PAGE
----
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Margaret Atwood, award-winning author of The Handmaid's Tale, the MaddAddam trilogy (Oryx and Crake, The Year of the Flood and Maddadam) and a host of other novels, short story and poetry collections (though, really, did I need to introduce her?). More at Atwood's website.
The jacket description says it best: Margaret Atwood turns to short fiction for the first time since her 2006 collection, Moral Disorder, with nine tales of acute insight, turbulent relationships, and psychological aberration..." Well said, though I would add "getting older" to the list of themes.
Stone Mattress works quite well, actually.
My recommendations are based on style and subject. They're also story collections as tight and cohesive as Stone Mattress: Neil Gaiman's Smoke and Mirrors, Stephen Graham Jones's States of Grace, and Denis Johnson's Jesus' Son.
The first three tales in this book feature (or heavily allude to) one particular character: Constance Starr, author of the wildly successful Alphinland series of fantasy novels, who grapples with the recent death of her husband, the inevitability of her own mortality, past love affairs and the shift from derision to widespread acceptance of her speculative work. The spirit of this character also seems to travel throughout the collection. She may or may not be a loose doppleganger for Atwood.
Though a good thirty years too young, I pictured Alex Kingston, perhaps best known as Dr. River Song from Doctor Who.
Atwood is a strong proponent of Canadian identity, and thus paints the cold landscape with such beauty and finesse that, despite my aversion to cold climates, I can't help but want to live there.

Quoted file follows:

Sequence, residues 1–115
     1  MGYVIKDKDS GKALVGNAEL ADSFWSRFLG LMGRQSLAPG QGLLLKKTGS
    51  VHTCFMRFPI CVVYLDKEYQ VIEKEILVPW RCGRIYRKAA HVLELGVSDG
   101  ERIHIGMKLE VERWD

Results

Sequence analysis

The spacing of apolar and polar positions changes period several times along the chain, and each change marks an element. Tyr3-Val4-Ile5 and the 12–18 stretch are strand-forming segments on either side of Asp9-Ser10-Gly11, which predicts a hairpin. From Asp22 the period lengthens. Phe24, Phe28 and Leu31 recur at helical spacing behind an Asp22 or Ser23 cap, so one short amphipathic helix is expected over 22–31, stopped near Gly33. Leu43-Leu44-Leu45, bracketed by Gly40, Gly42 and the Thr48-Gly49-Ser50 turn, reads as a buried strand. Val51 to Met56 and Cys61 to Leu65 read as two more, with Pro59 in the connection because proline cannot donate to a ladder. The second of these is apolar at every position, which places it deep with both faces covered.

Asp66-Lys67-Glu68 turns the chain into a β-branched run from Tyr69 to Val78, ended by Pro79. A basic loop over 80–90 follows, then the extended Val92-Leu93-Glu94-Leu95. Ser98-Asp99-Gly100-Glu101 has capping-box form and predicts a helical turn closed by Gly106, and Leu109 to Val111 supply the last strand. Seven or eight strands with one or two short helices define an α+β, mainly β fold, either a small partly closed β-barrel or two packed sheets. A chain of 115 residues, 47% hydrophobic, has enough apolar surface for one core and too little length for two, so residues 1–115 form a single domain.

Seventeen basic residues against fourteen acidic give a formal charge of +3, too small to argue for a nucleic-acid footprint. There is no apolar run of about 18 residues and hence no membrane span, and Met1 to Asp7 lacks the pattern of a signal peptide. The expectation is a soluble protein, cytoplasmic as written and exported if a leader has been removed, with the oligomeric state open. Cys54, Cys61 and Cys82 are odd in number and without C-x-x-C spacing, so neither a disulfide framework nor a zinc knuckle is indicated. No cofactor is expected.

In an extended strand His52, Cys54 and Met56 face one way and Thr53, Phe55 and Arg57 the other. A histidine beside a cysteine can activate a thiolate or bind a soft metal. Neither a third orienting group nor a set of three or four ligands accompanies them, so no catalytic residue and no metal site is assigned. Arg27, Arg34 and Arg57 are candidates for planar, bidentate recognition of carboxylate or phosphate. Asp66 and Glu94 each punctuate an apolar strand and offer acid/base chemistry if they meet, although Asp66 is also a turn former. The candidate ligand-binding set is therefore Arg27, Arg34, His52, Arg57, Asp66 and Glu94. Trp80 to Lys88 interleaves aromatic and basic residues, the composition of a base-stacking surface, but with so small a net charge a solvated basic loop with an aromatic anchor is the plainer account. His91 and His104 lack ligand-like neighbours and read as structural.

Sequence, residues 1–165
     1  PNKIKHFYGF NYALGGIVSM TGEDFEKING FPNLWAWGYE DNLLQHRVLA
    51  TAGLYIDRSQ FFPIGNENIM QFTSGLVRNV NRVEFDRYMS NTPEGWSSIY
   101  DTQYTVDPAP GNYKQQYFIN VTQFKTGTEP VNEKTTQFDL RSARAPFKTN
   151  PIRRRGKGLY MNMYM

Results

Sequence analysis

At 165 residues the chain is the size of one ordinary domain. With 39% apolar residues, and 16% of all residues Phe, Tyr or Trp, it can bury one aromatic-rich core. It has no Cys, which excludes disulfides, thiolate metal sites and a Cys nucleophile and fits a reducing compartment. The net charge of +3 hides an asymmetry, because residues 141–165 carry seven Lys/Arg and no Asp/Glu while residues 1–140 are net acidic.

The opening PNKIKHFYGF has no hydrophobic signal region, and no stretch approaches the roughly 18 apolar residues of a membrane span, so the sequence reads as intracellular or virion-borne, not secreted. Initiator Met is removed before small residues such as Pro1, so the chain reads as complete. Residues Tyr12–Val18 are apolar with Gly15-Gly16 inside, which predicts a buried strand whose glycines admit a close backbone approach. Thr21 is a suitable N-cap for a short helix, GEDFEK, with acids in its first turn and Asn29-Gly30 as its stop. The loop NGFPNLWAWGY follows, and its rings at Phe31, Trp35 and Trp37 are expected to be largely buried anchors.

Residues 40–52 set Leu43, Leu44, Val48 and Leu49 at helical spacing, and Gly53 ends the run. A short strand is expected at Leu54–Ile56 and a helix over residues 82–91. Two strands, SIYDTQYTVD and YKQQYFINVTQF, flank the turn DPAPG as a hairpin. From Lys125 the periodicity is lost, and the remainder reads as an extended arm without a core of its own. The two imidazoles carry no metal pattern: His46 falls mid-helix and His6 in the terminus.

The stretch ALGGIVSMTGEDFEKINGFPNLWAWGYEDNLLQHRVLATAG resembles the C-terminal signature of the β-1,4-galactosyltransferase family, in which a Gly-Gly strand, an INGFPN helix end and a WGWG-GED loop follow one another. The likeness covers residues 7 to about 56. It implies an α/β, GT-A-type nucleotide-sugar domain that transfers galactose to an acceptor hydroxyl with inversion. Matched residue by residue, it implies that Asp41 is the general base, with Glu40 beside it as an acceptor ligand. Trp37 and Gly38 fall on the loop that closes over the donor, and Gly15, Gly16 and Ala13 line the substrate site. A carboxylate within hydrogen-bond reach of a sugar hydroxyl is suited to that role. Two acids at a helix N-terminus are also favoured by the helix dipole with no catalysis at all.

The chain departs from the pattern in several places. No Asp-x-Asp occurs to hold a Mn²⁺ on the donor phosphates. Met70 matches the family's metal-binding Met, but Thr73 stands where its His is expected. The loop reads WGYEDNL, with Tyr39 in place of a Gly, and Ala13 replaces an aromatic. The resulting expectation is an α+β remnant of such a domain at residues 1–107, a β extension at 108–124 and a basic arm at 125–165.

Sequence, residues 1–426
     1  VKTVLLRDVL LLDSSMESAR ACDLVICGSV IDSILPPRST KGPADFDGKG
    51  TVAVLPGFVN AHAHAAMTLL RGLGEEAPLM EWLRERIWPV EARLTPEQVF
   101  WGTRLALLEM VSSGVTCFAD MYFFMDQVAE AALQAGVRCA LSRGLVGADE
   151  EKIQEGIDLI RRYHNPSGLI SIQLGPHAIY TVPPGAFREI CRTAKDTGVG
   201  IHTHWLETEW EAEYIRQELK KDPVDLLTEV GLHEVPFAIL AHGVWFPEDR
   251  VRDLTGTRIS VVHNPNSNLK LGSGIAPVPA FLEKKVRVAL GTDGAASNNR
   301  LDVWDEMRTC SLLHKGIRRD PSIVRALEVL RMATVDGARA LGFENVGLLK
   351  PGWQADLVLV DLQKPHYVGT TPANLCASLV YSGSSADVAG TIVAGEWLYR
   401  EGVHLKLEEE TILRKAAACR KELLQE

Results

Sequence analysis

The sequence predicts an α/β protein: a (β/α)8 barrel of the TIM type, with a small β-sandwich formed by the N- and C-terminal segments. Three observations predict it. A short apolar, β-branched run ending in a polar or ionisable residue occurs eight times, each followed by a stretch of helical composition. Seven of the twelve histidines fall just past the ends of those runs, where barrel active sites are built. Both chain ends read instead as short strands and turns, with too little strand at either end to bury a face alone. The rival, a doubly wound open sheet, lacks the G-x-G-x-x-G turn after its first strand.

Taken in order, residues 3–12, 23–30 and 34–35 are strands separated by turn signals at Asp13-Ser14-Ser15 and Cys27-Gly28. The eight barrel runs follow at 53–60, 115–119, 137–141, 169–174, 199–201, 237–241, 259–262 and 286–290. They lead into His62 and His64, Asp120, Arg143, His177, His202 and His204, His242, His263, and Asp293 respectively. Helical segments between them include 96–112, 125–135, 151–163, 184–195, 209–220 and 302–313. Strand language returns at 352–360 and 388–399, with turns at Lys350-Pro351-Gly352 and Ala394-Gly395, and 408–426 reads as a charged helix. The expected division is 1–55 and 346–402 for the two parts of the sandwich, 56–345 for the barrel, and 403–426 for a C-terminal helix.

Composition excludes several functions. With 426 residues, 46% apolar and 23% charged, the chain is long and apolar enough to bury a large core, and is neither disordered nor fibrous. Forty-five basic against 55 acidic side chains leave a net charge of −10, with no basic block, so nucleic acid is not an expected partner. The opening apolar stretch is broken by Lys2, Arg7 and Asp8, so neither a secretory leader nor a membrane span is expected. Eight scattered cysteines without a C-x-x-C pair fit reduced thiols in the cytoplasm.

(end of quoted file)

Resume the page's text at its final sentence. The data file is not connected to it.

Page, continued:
She sits across the table from him girded for the combat she not doubt expects, her hair scraped severely off her forehead and twisted at the back of her neck like a tourniquet, her rectilinear gold earrings and clank necklace reinforcing the metallic harshness of her decree.
—From "The Freeze-Dried Groom" (my favorite of the nine)
Confession time: prior to reading Stone Mattress, I had not yet ventured into Atwood's fantastic, comical and psychologically astute works, though I'd heard nothing but good things about the author, both from friends and within the critical sphere. I must say, she definitely lives up to the hype, which is particularly refreshing given the duration of her career. Authors sometimes go stale after a time, but with this new publication it is clear Atwood hasn't lost any of the talent and skill that won her all those accolades.
As I mentioned above, this collection is tautly-assembled: it reads almost like a novel, in part because of the recurring characters in the first three stories, as well as a sense that some of the characters in the non-connected tales feel like echoes from the first three (with an absence of redundancy, I might add). But primarily it is the thematic undercurrent of maturity running throughout that concretizes the book. Every character looks into their past in order to make sense of their present: Constance re-examines her relationship with Gavin, the cocksure poet in "Alphinland"; Gavin likewise reminisces on his lingering love for Constance in "Revenant"; Sam maps his unhappy marriage and finds himself on a dangerous path in "The Freeze-Dried Groom"; Jack traces the unfortunate history behind his "international horror classic" in "The Dead Hand Loves You"; and, in the titular tale, Verna confronts a terrible experience from high school, and sets about a murderous course of rectification. The results of this looking-back vary in tone from dark to lighthearted, but in each of the nine tales, moving forward seems to be the only way to go.
The writing here is sharp and superb, but never too showy or distracting to the narratives, which are all intricate and compelling. Furthermore, Atwood has an excellent knack for placing herself in her characters' shoes, living and walking within their sometimes narrowed perspectives, neither outwardly judging them nor wholly embracing them. Stone Mattress is therefore an infinitely rich read, one certain to please old fans, or in my case, make new ones. Definitely pick up this book.
Bookshots review written for LitReactor.com by Chris Shultz